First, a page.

6. The flash memory device of claim 2, further comprising a data output control circuit to receive the multiplexer output and generate the output enable signal.
7. The flash memory device of claim 6, having the capability to perform register read operations and data array read operations, wherein the data output control circuit allows the output enable signal to respond to the multiplexer output both when a register read is requested and when an array read is requested and array data is ready for output as the data out signal.
8. The flash memory device of claim 1, further comprising a read enable buffer to assert the read enable signal when an external chip enable signal and an external read enable signal are both asserted.
9. A flash memory device comprising:
an output buffer to supply a data out signal in response to an assertion of a read enable signal;
a programmable mode circuit to generate a read mode input signal capable of indicating at least two read modes, including a pipelined read mode and a non-pipelined read mode;
a control circuit to generate an output enable signal based on the read mode input signal and the read enable signal, wherein in the non-pipelined read mode a deassertion of the output enable signal is triggered in response to a deassertion of the read enable signal, and wherein in the pipelined read mode a deassertion of the output enable signal is triggered by the output enable signal remaining deasserted for a hold time; and
a tri-state output driver coupled to the data out signal and the output enable signal, the driver driving the data out signal onto an output node when the output enable signal is asserted, the driver presenting a high impedance at the output node otherwise.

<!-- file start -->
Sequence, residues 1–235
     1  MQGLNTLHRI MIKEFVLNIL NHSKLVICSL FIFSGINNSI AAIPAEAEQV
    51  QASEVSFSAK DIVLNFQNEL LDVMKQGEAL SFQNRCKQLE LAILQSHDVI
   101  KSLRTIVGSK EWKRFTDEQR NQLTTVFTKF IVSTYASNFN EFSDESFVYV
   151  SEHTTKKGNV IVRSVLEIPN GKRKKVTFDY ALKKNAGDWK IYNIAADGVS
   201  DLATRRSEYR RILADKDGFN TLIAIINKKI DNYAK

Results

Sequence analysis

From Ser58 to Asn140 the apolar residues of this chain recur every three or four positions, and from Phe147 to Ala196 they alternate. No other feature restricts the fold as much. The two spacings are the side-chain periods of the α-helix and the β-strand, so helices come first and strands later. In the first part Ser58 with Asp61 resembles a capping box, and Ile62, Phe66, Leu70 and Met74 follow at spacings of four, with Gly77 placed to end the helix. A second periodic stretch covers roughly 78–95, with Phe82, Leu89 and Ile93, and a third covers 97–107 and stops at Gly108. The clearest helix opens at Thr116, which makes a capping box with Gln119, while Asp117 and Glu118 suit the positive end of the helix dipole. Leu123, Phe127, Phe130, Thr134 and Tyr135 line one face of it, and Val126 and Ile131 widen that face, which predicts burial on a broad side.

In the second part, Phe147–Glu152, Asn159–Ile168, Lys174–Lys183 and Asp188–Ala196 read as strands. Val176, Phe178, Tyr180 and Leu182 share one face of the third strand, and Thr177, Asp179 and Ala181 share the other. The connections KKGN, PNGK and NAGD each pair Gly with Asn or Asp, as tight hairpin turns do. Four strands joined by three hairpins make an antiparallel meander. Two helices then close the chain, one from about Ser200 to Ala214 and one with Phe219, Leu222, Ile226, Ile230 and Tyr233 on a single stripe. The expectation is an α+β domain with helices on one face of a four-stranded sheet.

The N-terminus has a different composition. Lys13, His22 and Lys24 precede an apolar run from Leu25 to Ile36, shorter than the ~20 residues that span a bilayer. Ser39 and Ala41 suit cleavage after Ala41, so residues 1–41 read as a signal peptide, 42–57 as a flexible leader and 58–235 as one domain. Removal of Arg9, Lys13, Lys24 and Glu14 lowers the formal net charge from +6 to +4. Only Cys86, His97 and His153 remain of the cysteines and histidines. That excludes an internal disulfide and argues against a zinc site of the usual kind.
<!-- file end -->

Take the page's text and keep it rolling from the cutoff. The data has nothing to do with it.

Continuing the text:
10. The flash memory device of claim 9, wherein the programmable mode circuit is programmable via mode register set commands received by the flash memory device during operation.
11. The flash memory device of claim 9, wherein the programmable mode circuit defaults to generating a read mode input signal indicative of the non-pipelined read mode upon flash memory device power-up.
12. The flash memory device of claim 9, wherein the programmable mode circuit defaults to generating a read mode input signal indicative of the pipelined read mode upon flash memory device power-up.
13. A memory system comprising:
a memory controller having a read enable output that is asserted to a device to cause the device to transmit read data to the memory controller;
a multiplexed memory bus to transmit address, command, and write data from the memory controller and to transmit read data to the memory controller; and
a flash memory device connected to the multiplexed memory bus and to the read enable output signal, the flash memory device having a pipelined burst read mode wherein
the flash memory device transmits read data n to the memory controller until a set time after receiving an n+1th assertion of the read enable output, at which time the flash memory device begins transmitting read data n+1 to the memory controller, and
the flash memory device stops transmitting read data n to the memory controller and releases the multiplexed memory bus when an n+1th assertion of the read enable output is not received within a hold time after the nth deassertion of the read enable output.